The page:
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International Monetary Fund. Asia and Pacific Dept
Border closures and other pandemic containment measures have kept Vanuatu free from COVID-19. However, they have dealt a heavy blow to economic activity as tourism has come to a virtual halt. On top of the pandemic, Tropical Cyclone Harold and a volcanic eruption in Tanna Island caused extensive economic damage in 2020. In the context of a continued loss of correspondent banking relationships (CBRs) in the Pacific, Vanuatu also lost a key CBR at end-June 2021. Air Vanuatu, one of the state-owned enterprises (SOEs), is in the process of being restructured.
International Monetary Fund. European Dept.
Austria entered the crisis from a strong position. Prudent policies prior to the pandemic provided significant policy space. Several lockdowns helped contain the virus but significantly impaired the economy. Real GDP contracted by 6.3 percent in 2020 and declined further in early 2021. The 2021 recovery is expected to be modest; the tourism and hospitality sectors will continue to be affected. Over the medium term, growth will accelerate in 2022 and then stabilize at potential, but the output level will remain somewhat below the pre-COVID trend. Uncertainty remains high.
International Monetary Fund. Statistics Dept.
The mission welcomes the progress made by the RK in improving the quality of GFS. The Ministry of Finance has taken into account several recommendations of the previous mission on increasing transparency, improving data quality, and regarding the channels used to provide GFS. In particular, updated bridge tables are used when generating statistics, National Fund (NF) data are recorded separately from national budget (NB) data, and GFS are disseminated through the IMF Integrated Data Collection System.
International Monetary Fund. Middle East and Central Asia Dept.
The Kyrgyz economy is highly dependent on remittances and foreign aid and does not have access to international capital markets. Inequality is relatively low, but poverty is widespread. The COVID crisis led to a sharp recession with output contracting by 8.6 percent in 2020, public debt rising by 16.5 percent of GDP to 68 percent, and the som depreciating by 19 percent against the US$. Under the assumption that the global pandemic begins to decisively recede this year, a rebound in growth is expected in 2021–22. However, significant uncertainty surrounds the baseline outlook and the recovery could be delayed if downside risks materialize. In the medium to long term, the main challenge is to create jobs for about 65,000 new jobseekers annually and to reduce labor out-migration. This will require deep structural reforms to transform the economy from a reliance on remittances to more diversified and private sector-led growth that is underpinned by higher investment and exports.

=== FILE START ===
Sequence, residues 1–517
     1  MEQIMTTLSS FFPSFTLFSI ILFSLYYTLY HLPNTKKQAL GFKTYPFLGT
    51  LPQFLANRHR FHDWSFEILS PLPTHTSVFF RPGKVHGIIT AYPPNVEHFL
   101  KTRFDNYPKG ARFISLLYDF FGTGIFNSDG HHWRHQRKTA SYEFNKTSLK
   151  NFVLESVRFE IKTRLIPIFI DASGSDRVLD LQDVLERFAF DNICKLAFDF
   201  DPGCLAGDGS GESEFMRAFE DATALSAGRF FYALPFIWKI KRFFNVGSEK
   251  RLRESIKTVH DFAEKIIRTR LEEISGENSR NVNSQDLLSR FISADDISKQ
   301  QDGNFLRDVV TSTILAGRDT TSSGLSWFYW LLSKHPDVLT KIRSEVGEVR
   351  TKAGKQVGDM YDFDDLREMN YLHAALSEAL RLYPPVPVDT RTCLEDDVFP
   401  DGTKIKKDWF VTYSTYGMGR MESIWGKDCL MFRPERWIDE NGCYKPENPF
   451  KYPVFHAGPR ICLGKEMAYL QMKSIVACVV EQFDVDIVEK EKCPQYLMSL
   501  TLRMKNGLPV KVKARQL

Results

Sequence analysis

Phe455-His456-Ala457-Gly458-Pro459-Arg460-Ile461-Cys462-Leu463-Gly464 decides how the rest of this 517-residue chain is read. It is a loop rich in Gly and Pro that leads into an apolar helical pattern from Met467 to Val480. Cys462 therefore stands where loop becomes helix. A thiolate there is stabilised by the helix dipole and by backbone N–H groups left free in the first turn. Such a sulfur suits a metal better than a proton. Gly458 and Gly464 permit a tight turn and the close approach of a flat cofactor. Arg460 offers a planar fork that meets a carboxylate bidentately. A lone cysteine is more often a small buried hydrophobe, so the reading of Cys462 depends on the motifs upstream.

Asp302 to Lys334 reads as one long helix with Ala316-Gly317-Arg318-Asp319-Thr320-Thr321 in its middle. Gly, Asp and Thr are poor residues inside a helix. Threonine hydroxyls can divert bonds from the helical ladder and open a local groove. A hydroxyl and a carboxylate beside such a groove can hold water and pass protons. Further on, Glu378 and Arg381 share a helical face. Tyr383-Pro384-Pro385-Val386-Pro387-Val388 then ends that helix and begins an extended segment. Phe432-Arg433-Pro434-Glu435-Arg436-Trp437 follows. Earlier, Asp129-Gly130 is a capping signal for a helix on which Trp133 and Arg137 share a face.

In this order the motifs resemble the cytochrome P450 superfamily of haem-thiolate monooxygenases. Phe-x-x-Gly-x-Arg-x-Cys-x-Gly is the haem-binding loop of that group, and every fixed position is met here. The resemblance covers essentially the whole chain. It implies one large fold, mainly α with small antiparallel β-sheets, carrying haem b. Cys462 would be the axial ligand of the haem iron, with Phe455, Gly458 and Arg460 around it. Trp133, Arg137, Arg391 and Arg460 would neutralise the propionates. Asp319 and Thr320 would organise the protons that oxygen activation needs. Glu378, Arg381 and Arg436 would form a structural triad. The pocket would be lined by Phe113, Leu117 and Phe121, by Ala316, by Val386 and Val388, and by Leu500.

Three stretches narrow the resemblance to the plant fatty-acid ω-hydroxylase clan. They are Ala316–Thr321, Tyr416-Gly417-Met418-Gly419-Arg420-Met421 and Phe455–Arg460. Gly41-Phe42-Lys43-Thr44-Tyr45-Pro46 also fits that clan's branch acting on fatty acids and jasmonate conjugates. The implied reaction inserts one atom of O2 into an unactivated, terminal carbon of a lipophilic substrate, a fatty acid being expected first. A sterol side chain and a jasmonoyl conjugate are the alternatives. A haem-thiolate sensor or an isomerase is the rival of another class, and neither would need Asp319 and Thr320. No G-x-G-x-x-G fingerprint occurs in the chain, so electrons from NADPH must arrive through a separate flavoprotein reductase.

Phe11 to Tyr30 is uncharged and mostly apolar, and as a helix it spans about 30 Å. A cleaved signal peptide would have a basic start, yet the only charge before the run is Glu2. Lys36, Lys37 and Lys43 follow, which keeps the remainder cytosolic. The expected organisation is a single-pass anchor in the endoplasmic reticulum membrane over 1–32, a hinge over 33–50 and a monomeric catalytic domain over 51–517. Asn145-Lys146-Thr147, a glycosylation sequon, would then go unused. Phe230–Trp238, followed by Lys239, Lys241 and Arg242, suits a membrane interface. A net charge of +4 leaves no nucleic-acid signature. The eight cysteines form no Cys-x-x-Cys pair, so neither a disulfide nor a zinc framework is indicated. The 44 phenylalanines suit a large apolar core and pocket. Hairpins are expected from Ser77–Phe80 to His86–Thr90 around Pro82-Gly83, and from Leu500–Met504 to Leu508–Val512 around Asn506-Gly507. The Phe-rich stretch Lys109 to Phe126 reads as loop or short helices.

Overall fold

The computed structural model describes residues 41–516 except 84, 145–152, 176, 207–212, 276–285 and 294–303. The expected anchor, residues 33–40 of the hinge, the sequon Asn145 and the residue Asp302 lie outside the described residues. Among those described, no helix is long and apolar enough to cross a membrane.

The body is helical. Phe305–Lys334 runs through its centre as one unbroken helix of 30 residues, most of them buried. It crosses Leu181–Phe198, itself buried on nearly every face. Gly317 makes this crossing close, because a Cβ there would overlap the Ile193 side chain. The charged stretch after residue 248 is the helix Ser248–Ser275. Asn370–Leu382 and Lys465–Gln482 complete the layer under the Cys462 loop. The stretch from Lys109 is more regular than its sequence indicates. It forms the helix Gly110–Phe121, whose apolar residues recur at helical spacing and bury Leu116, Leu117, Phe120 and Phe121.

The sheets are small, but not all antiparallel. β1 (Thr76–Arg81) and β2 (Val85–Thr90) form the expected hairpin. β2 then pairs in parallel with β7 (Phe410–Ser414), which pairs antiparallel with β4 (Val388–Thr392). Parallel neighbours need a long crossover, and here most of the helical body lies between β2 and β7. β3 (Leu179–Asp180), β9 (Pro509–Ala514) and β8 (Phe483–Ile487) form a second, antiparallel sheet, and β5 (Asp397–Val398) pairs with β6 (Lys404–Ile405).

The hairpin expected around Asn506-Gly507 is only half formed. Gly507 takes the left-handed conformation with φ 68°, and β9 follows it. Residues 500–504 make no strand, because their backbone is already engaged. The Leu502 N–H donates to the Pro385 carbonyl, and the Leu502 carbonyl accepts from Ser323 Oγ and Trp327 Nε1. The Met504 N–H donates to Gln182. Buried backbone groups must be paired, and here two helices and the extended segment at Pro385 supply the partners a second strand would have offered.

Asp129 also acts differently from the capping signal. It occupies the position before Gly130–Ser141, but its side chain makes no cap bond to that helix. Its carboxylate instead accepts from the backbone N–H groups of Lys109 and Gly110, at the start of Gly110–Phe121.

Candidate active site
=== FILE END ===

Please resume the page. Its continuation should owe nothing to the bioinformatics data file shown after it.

International Monetary Fund. Western Hemisphere Dept.
The pandemic interrupted a prolonged growth spell that made the Dominican Republic one of the most dynamic economies in the region amid strong growth, macroeconomic stability and improved social outcomes. This built resilience to the shock—including by maintaining access to markets—and allowed a decisive policy response to address the health emergency, support growth, and protect the vulnerable.
International Monetary Fund. European Dept.
Macroeconomic performance and buffers were strong when the COVID-19 pandemic hit. Economic and social restrictions instituted in March 2020 helped slow new infections and mitigate negative health outcomes but triggered a deep decline in activity in Q2:2020. The slump was followed by a strong rebound in Q3 as the restrictions were eased. With the resurgence of the virus, pressures on the health system peaked in late-March 2021 and eased after a new round of restrictions. Going forward, the outlook is for a near-term economic recovery subject to large two-way risks. The strength and durability of the recovery hinges on the evolution of the health situation and the extent of economic scarring from the pandemic.
International Monetary Fund. European Dept.
Recent economic developments. Supported by a large policy package, Serbia’s economy rebounded quickly from the initial COVID-19 shock, recording a 1 percent contraction of real GDP in 2020. Job losses have mostly been contained to the informal sector, thanks to policy measures aimed at preserving formal employment. A supplementary budget for 2021 was adopted in April boosting capital expenditure and extending policy support to households and corporates, against the background of third and fourth waves of infections and related containment measures, as well as a weaker-than-expected economic recovery in key trading partners. Inflation remains low. After rising again in late February, infections tapered, helped by new containment measures and the rapid vaccine rollout.